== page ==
Use a Wilton tip #44 (or equivalent) to give the impression of flat "leather" straps. This tip, while flat, produced a much wider strap than I wanted. To achieve my desired width, I taped a small piece of parchment paper over one-third of the tip opening before piping the leather straps with stiff brown icing. (You can also pipe the straps without modifying the tip, or use a PME tip #2 to produce a rounder strap.) While the icing is still wet, use a small damp liner brush to mark an “X” at the top of each strap, and three holes at the bottom of each.
Pipe the underside of the backpack along the bottom edge of the bag with thick flooding-consistency brown icing and a PME tip #1.5. Set aside to dry for 15 minutes.
Now to add buckles to the straps! Using stiff brown icing and a PME tip #1, pipe the top three sides of a square (as a continuous line) at the middle of each leather strap. Use your scribe tool to tuck the end of each side of the square beneath each strap.
With the same icing and tip, pipe a small line from the middle of each buckle to the top edge of the buckle. Set aside for 15 minutes.
To create strap loops, use stiff brown icing and a PME tip #1, and pipe two horizontal lines directly adjacent to one another, about one-third of the way up each strap. Dab the lines gently with the flat side of a damp flat paint brush to merge them into a single line.
Paint the buckle with gold luster dust paste (as described under "Supplies", above) and a tiny liner brush.
My kids favor a subtle, utilitarian look. What’s your kid’s sense of style? Bohemian? Glam? Casual? I've got a backpack for all personalities!
If you’re lucky enough to still have kids who are cute, make your backpacks with brighter colors or younger patterns - for example, hot pink with a daisy pattern and lime green trim, or painted with rocket ships . . . you get the idea. Whatever your children's ages, I hope it’s their best year yet!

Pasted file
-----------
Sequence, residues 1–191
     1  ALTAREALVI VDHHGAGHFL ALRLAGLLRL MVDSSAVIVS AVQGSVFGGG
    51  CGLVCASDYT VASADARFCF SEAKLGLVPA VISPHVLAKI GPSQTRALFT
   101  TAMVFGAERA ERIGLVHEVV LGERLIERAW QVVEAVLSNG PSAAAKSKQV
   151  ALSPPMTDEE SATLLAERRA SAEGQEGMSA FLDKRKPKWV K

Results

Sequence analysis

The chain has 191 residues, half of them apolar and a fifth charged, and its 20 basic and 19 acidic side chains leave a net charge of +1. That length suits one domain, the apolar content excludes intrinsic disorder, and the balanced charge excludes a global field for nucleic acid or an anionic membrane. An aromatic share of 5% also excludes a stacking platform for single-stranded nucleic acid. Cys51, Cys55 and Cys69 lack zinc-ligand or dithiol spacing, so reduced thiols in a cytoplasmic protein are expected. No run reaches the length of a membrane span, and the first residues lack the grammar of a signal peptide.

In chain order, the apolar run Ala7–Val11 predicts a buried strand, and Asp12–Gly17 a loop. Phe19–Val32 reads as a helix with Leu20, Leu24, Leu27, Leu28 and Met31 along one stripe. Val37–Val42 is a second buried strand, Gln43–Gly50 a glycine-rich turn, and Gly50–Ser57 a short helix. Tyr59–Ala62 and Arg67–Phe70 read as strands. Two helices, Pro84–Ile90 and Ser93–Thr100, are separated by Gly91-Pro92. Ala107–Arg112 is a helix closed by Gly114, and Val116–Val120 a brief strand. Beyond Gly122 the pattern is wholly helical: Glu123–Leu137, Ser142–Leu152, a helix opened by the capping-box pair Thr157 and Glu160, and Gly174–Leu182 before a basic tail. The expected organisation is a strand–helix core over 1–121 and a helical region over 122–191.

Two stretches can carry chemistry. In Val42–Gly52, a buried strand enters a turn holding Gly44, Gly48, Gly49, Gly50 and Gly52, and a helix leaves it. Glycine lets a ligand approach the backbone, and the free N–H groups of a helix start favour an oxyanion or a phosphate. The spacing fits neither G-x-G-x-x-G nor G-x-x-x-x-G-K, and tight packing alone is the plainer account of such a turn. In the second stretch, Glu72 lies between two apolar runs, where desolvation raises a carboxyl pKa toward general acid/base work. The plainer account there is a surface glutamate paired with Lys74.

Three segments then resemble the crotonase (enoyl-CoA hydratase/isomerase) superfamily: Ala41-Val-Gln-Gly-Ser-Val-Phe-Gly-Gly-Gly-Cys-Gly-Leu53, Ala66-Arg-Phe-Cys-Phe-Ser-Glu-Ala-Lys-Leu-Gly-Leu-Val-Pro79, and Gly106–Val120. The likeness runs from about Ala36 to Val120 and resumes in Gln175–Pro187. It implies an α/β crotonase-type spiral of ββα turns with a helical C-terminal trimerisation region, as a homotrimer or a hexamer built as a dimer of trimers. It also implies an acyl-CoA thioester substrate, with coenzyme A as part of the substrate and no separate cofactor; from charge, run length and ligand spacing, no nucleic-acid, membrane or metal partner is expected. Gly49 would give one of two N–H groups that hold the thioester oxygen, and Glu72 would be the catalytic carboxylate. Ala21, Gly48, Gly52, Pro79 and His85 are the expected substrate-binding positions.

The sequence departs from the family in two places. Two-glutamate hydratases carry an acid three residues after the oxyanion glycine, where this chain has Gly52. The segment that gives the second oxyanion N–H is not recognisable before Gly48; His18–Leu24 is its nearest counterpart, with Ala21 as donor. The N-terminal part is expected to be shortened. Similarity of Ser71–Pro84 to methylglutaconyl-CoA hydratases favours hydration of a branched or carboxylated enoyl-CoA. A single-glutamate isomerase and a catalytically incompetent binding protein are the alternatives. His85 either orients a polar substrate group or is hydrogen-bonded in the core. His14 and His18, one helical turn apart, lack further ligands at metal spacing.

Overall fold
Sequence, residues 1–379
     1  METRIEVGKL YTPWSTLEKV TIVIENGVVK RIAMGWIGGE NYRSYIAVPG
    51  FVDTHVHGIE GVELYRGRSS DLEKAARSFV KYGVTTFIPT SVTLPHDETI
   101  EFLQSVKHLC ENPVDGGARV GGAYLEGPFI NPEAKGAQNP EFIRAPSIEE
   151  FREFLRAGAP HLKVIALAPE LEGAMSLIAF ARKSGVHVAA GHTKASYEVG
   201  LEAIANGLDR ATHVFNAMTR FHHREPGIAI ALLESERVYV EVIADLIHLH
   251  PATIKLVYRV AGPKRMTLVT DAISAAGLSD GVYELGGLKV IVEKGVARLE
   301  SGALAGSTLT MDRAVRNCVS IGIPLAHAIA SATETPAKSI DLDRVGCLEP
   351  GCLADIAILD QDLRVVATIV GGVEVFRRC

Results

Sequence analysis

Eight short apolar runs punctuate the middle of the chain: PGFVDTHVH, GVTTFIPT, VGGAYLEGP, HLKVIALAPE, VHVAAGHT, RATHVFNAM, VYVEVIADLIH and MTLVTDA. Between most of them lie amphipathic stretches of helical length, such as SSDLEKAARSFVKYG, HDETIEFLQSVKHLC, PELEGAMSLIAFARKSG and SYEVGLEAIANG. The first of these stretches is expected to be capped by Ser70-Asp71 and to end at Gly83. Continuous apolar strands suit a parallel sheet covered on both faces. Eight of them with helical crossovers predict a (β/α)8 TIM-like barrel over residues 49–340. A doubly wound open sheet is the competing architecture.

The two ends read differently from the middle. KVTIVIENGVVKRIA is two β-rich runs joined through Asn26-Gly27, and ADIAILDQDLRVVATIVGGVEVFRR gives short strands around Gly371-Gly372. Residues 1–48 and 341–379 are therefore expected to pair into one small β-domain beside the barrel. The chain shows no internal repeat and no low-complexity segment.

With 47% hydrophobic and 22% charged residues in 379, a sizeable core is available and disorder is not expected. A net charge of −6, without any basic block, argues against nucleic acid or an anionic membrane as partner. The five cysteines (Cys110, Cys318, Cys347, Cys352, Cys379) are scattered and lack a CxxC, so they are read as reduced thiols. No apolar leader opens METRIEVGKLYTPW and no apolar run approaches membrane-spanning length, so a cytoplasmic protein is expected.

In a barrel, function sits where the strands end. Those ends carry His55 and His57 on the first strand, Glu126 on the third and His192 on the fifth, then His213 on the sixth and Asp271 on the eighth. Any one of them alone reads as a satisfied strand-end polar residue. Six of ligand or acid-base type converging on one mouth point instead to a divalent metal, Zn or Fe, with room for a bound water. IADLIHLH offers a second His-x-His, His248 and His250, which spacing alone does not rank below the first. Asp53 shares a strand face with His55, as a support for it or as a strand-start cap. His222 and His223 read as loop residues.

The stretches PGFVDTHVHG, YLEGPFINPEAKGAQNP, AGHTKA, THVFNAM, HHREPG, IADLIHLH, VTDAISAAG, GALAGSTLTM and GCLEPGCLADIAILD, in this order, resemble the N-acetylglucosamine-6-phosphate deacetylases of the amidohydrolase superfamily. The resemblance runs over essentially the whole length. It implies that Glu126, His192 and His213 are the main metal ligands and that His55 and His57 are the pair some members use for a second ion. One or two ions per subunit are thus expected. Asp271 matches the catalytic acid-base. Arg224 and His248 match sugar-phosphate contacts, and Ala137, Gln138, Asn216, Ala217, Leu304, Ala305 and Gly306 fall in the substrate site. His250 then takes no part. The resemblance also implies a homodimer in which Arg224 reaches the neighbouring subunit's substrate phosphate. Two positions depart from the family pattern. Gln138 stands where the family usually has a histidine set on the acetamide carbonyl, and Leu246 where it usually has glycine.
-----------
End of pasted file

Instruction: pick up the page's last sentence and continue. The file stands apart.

Samantha Yacovetta, the decorator behind Aproned Artist, began cookie decorating in 2013. While working at a local bakery, Samantha became captivated by cookie art when a customer requested princess-themed cookies. Attracted initially to the precision of cookie decorating, Samantha soon found that the limitless design opportunities turned it into her artistic passion. Samantha began regularly stocking the bakery case with decorated cookies and has since transitioned to running her own company, Aproned Artist, a cottage food operation. She enjoys the challenge and inspiration of creating designs that feel personal and unique to each customer. Samantha lives in San Jose, California, USA. To learn more about Samantha, please check out her Cookie Connection portfolio and her site.
Photo and cookie credits: Samantha Yacovetta
Note: Every Little Detail with Aproned Artist is a bimonthly Cookie Connection blog feature written by Samantha Yacovetta focused on the special little details that make big statements in cookie design. This article expresses the views of the author, and not necessarily those of this site, its owners, its administrators, or its employees. To read all of Samantha's past Every Little Detail tutorials, click here. And to see all of Cookie Connection's tutorials, click here.